Transgenders and transsexuals have rights too

By Remi Watts

The plethora of possibilities that comprise gender identity and gender expression — and the recognition and acceptance of sensitivities of such a spectrum — is critical in shaping Canada as a progressive, positive and nurturing nation. In accord with such notions, it is intuitive that Canadians with alternative or non-traditional gender expressions or identities — those different from “normal” views, such as transgenders or transsexuals — should certainly be recognized and protected all the same. Bill C-389 is an attempt to do just that. Introduced to the Canadian House of Commons by Burnaby NDP MP Bill Siksay, Bill C-389 is an attempt to extend an arm of support and compassion to transgender and transsexual peoples by legally recognizing their expression of gender and gender identity. Although the bill is not expected to pass the Senate, a narrow vote of 143 to 135 got this private member’s bill through the House, scoring a surprising and significant moral victory for advocates of transgender and transsexual rights.

Opposed by Prime Minister Stephen Harper, Bill C-389 would effectively amend the Canadian Human Rights Act to protect the rights of transgender/transsexual citizens, prohibiting discrimination based on “gender identity” or “gender expression.” This would be a much-needed progressive step forward for our country. As one would expect, the opposition to the bill has been fierce. Detractors, which include large portions of the Conservative Party (notable exceptions being House Leader John Baird, Foreign Minister Lawrence Canon and Heritage Minister James Moore), the Conservative Senate, several Liberal Party members and the Institute for Canadian Values headed by the windbag Charles McVety, fail to see the bill’s necessity. There is no denying the difficulty associated with being a member of the transgender/transsexual community and detractors to the bill often do admit the point. The problem is that their partisan games and unyielding dogmatism have blinded them from seeing the needed priority towards human rights that the bill addresses.

As remarked regarding the necessity for the bill, “Without anti-discrimination protections, transgender and transsexual Canadians face economic marginalization, lack of access to services, and even violence simply for being trans.”

The fears held by critics of Bill C-389 coalesce in the notion that the bill somehow enables or legally protects child-predators, voyeurism, or any other form of dangerous perversion. Charles McVety of the Institute for Canadian Values, the loudest and most inane of voices speaking out against the bill, stated that “Bill C-389 is a danger to our children . . . any male at any time will be permitted in girls bathrooms . . . if I then try to stop such a man from showering with my little girl at the local pool I could be in breach of the Criminal Code of Canada and could face imprisonment.” Following a similar line, other critics have dubbed Bill C-389 the “bathroom bill.” These criticisms manage only to echo the panicked rhetoric once used against gays and lesbians and show the misguided spirit of the critics. In reality, starting in the ’50s and ’60s, transsexuals began using washrooms according to their gender identity without trouble. Also, the bill does not legalize or make acceptable any unethical behavior in washrooms. Predatory action remains predatory action. Furthermore, the assumption that the transgender and transsexual community is more predisposed to perverse predatory behavior reflects the insensitive and uninformed sorts of biases, as held by its critics, which necessitates the bill.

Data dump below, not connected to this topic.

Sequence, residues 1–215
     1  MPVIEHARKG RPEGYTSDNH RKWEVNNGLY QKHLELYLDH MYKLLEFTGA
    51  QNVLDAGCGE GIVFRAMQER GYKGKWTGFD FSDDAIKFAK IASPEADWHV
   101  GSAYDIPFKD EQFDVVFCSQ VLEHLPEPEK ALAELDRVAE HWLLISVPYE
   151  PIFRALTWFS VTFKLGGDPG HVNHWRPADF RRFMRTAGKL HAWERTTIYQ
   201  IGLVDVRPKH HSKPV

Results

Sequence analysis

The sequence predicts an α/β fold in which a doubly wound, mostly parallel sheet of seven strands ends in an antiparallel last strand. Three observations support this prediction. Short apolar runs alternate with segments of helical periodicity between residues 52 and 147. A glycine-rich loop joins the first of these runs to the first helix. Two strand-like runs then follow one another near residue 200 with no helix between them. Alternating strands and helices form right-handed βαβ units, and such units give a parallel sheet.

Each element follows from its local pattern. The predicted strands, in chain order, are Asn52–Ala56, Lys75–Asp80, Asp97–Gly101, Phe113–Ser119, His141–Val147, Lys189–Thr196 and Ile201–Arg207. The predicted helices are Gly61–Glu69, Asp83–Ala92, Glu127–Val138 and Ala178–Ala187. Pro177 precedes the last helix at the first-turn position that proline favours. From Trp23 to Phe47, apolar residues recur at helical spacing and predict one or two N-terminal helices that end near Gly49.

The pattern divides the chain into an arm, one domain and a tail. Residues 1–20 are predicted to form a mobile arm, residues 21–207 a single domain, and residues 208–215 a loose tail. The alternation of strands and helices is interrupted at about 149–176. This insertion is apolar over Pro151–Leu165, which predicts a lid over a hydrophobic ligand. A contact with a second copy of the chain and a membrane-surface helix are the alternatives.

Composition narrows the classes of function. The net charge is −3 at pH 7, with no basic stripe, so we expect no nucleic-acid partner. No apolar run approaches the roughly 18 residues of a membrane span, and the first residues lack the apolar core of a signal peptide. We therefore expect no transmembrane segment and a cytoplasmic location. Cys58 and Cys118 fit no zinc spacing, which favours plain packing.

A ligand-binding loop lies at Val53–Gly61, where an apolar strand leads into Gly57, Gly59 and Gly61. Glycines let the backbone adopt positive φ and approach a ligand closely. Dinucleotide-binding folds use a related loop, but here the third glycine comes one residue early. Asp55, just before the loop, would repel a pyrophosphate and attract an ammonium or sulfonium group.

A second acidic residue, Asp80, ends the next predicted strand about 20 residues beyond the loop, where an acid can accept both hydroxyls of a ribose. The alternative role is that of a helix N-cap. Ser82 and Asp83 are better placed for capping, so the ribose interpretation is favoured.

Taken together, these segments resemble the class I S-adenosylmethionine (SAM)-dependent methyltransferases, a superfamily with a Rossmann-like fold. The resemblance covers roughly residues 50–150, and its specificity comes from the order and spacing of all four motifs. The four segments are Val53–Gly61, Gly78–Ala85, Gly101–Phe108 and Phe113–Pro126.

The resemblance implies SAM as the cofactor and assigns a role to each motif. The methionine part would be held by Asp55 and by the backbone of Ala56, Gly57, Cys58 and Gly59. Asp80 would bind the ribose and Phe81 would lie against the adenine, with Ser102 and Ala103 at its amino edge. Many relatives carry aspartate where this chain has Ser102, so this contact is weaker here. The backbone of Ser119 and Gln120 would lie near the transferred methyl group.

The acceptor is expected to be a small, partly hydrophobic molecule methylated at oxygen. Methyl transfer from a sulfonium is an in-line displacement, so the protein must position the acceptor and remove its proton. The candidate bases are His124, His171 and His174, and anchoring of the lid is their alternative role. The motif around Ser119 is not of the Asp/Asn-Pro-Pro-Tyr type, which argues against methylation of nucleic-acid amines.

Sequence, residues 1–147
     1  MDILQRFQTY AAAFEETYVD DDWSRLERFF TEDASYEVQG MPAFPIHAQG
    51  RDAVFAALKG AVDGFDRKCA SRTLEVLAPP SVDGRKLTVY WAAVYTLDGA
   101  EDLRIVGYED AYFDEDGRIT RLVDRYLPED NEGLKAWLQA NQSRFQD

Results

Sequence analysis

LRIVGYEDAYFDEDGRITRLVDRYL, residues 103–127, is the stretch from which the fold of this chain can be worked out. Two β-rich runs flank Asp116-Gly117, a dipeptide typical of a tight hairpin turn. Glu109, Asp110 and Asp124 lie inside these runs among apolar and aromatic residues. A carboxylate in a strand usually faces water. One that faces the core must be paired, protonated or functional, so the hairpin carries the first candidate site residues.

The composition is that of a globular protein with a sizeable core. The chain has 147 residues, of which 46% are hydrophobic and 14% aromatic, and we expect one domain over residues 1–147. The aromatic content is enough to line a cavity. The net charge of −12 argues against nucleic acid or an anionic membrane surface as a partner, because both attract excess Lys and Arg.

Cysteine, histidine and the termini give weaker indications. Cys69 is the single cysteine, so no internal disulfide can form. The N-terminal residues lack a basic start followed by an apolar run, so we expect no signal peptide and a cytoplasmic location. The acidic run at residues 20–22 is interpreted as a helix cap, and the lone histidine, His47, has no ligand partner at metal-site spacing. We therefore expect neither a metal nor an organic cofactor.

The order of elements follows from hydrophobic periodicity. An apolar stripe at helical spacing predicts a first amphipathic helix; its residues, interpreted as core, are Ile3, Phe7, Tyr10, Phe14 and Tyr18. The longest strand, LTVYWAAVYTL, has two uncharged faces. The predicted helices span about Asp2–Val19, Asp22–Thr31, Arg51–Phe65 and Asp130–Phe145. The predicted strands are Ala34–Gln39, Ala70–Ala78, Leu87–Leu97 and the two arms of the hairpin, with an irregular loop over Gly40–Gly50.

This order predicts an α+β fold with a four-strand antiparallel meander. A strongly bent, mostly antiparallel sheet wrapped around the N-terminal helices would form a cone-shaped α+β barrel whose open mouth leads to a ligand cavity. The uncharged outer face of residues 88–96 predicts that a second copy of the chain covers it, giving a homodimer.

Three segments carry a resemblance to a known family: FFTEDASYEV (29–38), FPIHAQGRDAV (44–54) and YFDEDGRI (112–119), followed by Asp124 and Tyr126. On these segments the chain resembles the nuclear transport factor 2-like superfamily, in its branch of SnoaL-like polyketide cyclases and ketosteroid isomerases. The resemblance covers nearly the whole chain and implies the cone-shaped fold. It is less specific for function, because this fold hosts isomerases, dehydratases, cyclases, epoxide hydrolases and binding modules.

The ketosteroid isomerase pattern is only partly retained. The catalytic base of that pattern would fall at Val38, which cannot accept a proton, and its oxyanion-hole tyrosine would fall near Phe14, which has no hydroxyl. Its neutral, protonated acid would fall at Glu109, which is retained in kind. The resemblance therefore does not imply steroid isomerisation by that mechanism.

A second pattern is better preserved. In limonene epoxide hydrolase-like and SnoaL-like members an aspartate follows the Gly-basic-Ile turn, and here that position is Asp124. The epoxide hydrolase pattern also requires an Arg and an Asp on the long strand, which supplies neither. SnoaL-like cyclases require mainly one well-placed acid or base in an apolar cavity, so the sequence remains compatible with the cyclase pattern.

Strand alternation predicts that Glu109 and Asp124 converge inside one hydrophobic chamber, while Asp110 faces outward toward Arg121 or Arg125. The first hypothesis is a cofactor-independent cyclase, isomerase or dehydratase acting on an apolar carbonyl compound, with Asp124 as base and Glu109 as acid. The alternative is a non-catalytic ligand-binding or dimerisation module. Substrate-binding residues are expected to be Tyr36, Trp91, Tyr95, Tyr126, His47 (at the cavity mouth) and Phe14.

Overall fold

Perhaps the deepest problem is not the political game being played around an issue of human rights, which is troublesome enough, but rather that the bill’s critics have failed to recognize the spectrum that is gender, seeing only the antiquated and diluted male-female gender polarization.

As the bill approaches the Upper House for voting, despite forecasts of doom regarding its passing and the relentless spewing of homophobic fear-mongering-based rhetoric, we can be content that at minimum Bill C-389 passed the House of Commons. That transgenders and transsexuals have won one moral battle signifies that Canada as a whole is perhaps almost prepared to take the superior step forward in gender rights.

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